I was walking home today and happened to pass a Norman Rockwell-esque family moment: a hot and hazy mid-summer evening; a young boy (around five or six) is playfully chasing his slightly older sister; her mock screams, a sound like enjoyment.
What makes this scene a touch disturbing (to me, at least) is the fact that the boy is holding a cap gun and firing off rounds at his sister. Bang, bang.
It’s something I almost never see anymore.
And so I was a bit surprised that it made me feel mildly anxious. As if the image I saw was no longer fun or safe. (And I have to admit, I gave the gun more than a sideways glance.)
Now, this scenario is something I should have recognized from my own youth – related to. I had lots of cap guns. And I used them. Everybody did. So why my reaction?
Times change. So do acceptable mores. My own kids weren’t allowed to play with guns so overtly (so they made up games with weapons of their own invention). We thought that was OK.
The stories of my childhood are no longer the norm. We have a different approach; a different standard.
We look at life from another side now (with apologies to Joni Mitchell).
It’s a sobering thought – especially for communicators – when you consider that what you deem acceptable one day can become an anathema the next.
*BTW, here’s a link to the Nancy Sinatra song alluded to in the headline.
I remember an ad campaign from many years ago that used to proclaim long distance as ‘the next best thing to being there’ – pre-fibre optics.
I think the same epithet could be used to describe blogging and social media (except without the exhorbitant rates and busy signals).
For instance, you don’t have to call someone, wait for them to get back, wonder if enough time has elapsed so you can try again. You just start writing/talking and see who jumps in.
You can discover interesting tidbits of gossip and news (especially who’s feuding with whom).
You can add your two-cents and, by rewriting, make sure you’re saying exactly what you want to.
And your ear doesn’t get too hot (unless someone slags you in an unfavourable post).
I actually do think one of blogging’s greatest benefits is being able to tune in and keep track of what friends and colleagues are thinking about whenever and where ever you are and take part in an entropic, provocative and entertaining long-distance dialogue.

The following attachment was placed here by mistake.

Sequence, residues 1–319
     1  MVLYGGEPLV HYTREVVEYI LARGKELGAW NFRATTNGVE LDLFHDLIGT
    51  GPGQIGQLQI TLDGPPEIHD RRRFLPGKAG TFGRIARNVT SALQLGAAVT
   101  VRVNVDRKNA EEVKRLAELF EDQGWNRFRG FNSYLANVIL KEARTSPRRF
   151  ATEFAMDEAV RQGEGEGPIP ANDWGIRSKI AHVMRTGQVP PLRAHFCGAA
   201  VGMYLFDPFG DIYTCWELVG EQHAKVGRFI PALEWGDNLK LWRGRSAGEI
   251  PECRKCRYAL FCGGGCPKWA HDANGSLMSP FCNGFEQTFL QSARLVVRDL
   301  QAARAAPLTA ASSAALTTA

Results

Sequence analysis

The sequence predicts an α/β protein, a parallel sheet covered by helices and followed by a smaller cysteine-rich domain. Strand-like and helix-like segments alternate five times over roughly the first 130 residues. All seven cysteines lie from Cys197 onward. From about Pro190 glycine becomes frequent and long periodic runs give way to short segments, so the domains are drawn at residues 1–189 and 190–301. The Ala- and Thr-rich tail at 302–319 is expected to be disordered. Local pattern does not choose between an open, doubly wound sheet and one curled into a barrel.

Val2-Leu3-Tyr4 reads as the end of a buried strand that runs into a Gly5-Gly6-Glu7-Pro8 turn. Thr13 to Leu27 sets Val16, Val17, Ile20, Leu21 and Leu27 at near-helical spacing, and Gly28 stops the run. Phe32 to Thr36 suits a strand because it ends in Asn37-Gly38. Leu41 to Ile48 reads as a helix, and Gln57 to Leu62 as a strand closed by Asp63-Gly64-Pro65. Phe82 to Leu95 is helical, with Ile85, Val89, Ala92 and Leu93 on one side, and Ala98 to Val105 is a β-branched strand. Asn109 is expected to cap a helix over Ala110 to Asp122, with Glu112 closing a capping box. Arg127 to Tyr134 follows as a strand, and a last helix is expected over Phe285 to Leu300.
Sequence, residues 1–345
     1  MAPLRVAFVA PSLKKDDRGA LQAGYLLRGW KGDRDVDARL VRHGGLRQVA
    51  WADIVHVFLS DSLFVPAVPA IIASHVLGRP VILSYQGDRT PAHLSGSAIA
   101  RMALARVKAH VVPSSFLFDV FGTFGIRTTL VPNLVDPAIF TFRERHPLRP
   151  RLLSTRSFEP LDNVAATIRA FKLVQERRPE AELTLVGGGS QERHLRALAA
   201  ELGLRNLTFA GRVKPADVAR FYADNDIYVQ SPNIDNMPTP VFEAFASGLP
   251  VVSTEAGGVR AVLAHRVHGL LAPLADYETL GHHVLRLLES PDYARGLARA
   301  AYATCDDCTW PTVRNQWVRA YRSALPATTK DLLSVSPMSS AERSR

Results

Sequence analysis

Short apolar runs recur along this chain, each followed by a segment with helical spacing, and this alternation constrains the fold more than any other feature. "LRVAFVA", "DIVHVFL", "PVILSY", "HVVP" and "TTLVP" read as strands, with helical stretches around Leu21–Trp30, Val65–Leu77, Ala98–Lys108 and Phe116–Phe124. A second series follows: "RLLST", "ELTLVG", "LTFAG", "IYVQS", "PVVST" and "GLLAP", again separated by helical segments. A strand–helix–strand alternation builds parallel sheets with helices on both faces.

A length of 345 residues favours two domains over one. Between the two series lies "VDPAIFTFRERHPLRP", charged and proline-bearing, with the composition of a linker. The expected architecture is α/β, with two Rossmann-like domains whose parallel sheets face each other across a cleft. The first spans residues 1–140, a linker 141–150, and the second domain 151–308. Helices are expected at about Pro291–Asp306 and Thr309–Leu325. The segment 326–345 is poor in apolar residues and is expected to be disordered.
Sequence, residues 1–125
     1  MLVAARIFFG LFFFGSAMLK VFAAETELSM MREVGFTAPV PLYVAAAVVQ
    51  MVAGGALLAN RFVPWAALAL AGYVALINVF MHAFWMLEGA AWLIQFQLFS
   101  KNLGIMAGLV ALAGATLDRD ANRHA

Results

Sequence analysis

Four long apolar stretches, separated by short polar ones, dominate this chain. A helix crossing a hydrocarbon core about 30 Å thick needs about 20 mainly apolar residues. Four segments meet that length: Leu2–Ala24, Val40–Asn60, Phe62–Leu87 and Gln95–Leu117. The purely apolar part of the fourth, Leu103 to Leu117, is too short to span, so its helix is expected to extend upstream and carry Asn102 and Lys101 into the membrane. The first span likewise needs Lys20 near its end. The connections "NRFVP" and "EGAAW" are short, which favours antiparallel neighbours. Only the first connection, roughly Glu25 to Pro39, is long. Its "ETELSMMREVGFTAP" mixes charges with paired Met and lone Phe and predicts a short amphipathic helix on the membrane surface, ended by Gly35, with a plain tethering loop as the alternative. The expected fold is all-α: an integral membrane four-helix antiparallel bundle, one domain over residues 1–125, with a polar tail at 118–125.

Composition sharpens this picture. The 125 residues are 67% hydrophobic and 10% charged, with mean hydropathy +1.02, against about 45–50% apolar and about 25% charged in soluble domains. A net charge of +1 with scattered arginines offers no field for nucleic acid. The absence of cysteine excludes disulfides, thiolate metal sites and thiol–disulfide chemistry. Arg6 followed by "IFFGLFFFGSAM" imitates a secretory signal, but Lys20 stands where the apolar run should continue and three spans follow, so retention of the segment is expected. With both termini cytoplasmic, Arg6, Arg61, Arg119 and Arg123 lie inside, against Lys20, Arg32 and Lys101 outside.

I also like the element of surprise: and you never know who might find you… or when.
And now that the dust has settled, I think this is a good time to offer my (Canadian) two cents. To be transparent, I briefly met and corresponded with Shel Israel and quite like him, find him kind, smart and thoroughly enjoyed Naked Conversations. I have never met Loren Feldman, but I was entertained by him during one of the panel sessions at Mesh 2007 in Toronto.
First off I have a question: as with the current political situation, why is it always about Israel?
Second, a comment. It’s just a joke, folks. A tempest in a blogspot. I’ve watched the videos and have read some of Shel’s posts, as well as posts from people lining up on both sides and, quite frankly, I don’t understand what the fuss is all about.
There are certainly a lot more pressing issues in the world (one would hope).
(Though not for me, I guess.)
The thing is, the puppet is funny, albeit in a sick, edgy way. But isn’t that what satire is all about? Isn’t lampooning one of comedy’s great traditions? National Lampoon, Spy Magazine, Mad Magazine, Celebrity Roasts, Saturday Night Live and even Ed the Sock (a distant cousin to this joke perhaps?) are classic examples.
And isn’t imitation a form of flattery?
It didn’t take politicians long to learn that if they’re able to laugh at themselves, people will gain a bit more respect (tolerance?) for them. Look back (waaay back) to Richard Nixon’s Sockitome on Rowan and Martin’s Laugh In or, more recently, Amy Poehler doing Hilary Clinton next to Hilary on SNL. (Sorry, I couldn’t find the videos, but if someone can, please let me know.)